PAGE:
Unfortunately, this move didn't bring all the peace the Doukhobors had hoped for - some of the more radical groups , and one in particular called "The Sons of Freedom", were dissatisfied by the requests of Canadian authorities to swear an Oath of Allegiance to the Crown - which had always been against Doukhobor principles - compulsory education in government schools, and issues of private land ownership, and reacted through mass nude protests and arson. Gotta love those nude arsonists. What amazed me in reading this, is that we're talking the early 1900s here... what a form of dissent! Particularly interesting is that this was not just practised by men - women would also disrobe in public, for example, at public speeches by politicians, if they disagreed with the speaker.
To cut a long story short, Doukhobor protests and communities continued right through the 20th century. As far as my scant reading shows, the protests and arson got particularly serious in the 1950s and 60s, with arson attacks on school and other government buildings, as well as Doukhobors burning down their own houses and belongings to protest perceived injustices. So Dad, you got a bit of the story right, I guess. Incredible stuff. Of course there seems to be a massive contradiction for a supposedly pacifist sect committing arson to get their way - and you can't condone these activities, particularly if they lead to a loss of life - but for me there is also something quite admirable about people who have the conviction to take such radical action to stand up for their beliefs. Materialist or not, standing naked watching your house and possessions burn to the ground, even if you deliberately lit the fire yourself, would be a tragic and monumental experience.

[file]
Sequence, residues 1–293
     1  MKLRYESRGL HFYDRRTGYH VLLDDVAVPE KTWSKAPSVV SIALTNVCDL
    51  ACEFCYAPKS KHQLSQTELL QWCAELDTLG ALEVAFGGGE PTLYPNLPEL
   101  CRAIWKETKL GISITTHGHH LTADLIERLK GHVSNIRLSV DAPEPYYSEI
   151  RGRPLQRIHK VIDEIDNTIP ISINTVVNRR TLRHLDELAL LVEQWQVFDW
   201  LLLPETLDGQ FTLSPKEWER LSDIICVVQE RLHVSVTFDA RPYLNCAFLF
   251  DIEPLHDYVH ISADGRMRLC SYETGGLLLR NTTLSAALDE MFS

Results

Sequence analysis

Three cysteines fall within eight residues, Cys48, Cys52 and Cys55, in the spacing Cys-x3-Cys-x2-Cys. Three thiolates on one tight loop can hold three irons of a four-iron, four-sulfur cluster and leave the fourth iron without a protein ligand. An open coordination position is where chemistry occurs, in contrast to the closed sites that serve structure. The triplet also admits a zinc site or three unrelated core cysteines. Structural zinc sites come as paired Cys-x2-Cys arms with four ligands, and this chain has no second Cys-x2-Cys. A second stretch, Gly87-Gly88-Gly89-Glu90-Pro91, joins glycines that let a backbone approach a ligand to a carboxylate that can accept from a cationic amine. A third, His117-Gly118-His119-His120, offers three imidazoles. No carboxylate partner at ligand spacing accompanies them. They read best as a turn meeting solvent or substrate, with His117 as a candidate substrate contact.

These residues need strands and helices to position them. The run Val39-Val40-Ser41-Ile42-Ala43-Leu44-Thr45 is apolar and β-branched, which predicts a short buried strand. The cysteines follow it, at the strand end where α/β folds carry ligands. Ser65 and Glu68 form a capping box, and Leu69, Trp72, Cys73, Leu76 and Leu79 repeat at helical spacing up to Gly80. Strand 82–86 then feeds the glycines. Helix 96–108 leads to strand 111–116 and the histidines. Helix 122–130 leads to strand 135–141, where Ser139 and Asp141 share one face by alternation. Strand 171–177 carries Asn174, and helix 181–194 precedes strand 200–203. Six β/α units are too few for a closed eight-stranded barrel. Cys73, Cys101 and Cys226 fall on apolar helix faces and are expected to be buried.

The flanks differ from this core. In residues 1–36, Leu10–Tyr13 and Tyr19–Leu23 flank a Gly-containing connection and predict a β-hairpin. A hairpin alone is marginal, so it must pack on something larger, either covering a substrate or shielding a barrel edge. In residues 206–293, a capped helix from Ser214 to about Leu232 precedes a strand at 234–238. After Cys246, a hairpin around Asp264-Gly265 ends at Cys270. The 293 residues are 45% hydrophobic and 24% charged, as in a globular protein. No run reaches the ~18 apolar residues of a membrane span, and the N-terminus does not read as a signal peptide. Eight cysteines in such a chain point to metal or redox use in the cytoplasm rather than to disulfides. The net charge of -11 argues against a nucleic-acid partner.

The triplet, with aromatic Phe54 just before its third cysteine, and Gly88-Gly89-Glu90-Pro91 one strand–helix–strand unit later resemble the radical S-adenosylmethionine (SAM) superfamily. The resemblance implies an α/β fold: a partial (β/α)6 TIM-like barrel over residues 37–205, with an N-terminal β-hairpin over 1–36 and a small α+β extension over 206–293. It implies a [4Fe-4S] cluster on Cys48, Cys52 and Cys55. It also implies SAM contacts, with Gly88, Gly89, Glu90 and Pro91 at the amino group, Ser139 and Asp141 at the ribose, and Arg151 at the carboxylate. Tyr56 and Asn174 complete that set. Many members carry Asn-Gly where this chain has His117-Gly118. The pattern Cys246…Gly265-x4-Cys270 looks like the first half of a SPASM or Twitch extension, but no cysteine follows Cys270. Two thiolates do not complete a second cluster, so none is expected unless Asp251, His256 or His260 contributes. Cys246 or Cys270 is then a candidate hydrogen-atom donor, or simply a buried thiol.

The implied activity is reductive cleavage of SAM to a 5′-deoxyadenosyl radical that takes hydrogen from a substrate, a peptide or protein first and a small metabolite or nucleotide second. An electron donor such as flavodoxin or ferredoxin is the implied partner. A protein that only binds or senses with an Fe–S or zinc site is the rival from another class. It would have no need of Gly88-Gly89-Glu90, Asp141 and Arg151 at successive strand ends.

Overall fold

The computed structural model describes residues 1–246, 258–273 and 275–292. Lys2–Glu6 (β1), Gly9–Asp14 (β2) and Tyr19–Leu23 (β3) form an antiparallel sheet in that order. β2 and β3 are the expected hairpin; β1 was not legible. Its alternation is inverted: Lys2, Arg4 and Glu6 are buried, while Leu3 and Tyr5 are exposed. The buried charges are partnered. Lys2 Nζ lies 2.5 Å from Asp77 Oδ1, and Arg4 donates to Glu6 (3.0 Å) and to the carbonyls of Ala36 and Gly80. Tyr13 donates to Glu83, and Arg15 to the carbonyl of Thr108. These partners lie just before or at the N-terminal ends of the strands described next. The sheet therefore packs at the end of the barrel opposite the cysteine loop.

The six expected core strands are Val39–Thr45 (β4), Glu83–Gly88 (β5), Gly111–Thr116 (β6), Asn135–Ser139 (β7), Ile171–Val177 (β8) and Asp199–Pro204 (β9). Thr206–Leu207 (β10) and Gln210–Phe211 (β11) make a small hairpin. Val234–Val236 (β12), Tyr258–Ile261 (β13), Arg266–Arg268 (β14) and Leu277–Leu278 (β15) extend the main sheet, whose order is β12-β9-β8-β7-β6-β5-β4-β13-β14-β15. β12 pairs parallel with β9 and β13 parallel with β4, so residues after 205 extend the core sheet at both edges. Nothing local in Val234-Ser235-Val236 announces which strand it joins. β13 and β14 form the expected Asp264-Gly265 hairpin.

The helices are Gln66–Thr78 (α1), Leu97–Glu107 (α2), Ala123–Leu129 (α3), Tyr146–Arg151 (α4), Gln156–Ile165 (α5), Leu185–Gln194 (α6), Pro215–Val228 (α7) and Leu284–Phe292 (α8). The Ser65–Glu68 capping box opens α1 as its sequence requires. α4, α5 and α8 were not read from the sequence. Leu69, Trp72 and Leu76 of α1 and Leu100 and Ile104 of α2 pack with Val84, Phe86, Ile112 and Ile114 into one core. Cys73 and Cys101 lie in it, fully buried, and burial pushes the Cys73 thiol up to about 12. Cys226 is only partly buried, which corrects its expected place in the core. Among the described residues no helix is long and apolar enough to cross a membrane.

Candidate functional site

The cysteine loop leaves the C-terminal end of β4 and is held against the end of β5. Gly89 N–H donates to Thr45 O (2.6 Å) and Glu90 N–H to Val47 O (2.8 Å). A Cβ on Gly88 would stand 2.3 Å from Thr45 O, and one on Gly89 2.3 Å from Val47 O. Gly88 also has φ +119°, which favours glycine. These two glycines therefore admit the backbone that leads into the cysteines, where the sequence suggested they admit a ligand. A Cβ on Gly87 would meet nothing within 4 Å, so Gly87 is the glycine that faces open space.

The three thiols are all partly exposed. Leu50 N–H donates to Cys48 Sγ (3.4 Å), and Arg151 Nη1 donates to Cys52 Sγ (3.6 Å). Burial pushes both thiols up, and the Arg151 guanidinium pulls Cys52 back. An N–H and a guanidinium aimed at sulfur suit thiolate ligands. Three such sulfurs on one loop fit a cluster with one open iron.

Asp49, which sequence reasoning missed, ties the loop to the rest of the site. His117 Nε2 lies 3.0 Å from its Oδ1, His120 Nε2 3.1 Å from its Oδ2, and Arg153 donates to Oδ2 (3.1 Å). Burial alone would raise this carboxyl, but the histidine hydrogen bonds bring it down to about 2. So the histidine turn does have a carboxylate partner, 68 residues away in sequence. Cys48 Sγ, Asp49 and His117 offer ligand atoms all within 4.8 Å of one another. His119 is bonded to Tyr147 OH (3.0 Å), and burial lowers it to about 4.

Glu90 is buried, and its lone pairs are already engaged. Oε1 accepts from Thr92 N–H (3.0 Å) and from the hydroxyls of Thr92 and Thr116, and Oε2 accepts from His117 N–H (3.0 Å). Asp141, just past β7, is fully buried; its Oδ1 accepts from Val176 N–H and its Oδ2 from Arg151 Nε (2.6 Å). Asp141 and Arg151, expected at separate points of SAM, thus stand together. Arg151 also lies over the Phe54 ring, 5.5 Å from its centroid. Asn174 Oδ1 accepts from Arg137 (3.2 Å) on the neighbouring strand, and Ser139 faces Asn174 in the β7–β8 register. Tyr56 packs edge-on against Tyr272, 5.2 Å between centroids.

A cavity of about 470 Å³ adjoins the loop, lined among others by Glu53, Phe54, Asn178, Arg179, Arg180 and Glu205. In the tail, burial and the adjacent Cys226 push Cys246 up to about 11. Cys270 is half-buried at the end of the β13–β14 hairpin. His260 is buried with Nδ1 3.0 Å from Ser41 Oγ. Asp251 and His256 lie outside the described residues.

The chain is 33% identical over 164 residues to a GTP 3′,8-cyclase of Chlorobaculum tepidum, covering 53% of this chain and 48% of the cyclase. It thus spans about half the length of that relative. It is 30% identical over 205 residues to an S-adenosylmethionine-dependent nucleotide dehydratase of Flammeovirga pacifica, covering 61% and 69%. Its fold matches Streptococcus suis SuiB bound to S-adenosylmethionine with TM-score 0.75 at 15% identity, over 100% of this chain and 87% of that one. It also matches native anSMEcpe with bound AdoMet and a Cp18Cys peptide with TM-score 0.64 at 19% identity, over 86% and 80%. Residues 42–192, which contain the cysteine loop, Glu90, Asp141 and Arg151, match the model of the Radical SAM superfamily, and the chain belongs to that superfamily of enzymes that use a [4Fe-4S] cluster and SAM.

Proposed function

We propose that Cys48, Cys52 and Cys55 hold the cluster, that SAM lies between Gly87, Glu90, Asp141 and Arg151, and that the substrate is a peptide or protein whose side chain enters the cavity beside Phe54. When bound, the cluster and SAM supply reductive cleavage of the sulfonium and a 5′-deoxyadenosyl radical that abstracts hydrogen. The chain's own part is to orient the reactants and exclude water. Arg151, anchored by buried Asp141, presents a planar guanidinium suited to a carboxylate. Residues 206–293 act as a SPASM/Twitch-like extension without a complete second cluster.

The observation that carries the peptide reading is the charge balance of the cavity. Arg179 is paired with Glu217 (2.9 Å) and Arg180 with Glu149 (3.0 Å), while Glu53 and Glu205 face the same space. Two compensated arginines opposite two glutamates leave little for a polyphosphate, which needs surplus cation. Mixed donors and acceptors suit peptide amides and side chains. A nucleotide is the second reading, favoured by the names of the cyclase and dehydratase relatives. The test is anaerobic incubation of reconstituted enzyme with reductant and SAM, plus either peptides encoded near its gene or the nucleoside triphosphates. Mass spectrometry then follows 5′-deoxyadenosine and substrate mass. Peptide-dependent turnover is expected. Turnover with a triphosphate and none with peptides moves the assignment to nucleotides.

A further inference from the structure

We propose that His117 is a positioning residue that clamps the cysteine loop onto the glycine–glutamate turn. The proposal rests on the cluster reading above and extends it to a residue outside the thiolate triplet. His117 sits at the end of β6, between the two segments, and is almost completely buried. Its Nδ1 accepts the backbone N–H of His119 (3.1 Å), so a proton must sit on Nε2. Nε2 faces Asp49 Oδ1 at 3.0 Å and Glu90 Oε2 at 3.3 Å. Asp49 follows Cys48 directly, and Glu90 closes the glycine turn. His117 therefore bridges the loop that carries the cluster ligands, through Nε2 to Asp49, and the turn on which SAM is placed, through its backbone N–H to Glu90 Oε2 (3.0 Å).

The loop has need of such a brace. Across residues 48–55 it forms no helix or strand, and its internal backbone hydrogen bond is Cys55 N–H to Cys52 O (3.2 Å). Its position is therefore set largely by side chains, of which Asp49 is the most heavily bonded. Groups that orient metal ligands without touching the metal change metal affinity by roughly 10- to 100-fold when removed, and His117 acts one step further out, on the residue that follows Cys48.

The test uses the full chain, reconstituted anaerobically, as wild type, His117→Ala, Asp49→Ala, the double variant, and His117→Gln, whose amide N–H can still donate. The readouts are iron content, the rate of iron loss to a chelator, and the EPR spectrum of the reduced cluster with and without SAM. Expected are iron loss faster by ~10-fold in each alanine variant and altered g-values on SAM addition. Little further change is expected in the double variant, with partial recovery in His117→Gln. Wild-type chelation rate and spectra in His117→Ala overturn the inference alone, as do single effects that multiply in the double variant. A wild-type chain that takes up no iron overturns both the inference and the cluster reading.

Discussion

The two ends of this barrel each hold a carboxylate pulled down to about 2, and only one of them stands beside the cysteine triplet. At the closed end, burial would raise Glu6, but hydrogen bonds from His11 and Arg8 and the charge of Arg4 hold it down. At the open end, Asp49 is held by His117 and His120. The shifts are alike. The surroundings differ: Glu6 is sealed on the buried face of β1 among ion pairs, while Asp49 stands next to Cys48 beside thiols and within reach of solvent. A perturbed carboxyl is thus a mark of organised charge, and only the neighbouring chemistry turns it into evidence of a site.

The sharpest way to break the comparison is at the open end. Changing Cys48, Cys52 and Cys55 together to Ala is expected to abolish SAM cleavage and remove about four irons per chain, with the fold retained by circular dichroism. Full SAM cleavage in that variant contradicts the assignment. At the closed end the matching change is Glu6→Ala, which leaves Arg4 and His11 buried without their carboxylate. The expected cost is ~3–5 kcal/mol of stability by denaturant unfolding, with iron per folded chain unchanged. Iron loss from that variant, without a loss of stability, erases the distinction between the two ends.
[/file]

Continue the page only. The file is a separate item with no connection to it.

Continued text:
Today an estimated 20,000-40,000 people of Doukhobor heritage live in Canada, with around 4,000 claiming "Doukhobor" as their religious affiliation. There are also communities in the USA, Russia and neighbouring countries.

We have been taking the boys to swimming lessons since September. Once a week - Mondays - each boy goes to their own class at the Riga Olympic centre - a beautiful, super-modern, brand-new public swimming pool, which is on the third floor, and it has two big glass walls so that you can look out over the city as you swim.
Because the boys are still at drownable stage, we get in the water with them, and encourage them as best as we can. I figured it was high time that Tiss learned to swim, because although not that many kids can swim at his age in Latvia, I am still judging bits and pieces of child development by Australian standards - and a six year old that can't swim in Australia is just not normal.
So anyhow, we've been persevering with swimming lessons for a couple of months now. And both Jem and I have had moments of concern, because, unfortunately, I think Tiss takes after me in the physical agility stakes. Meaning, he has trouble coordinating arms and legs. He also takes after me in the "drama" department - highly developed skill there - so that combined with the coordination issue makes for some interesting swimming lessons. We've had lots of swallowing water and crying and "I don't want to put my head under" issues.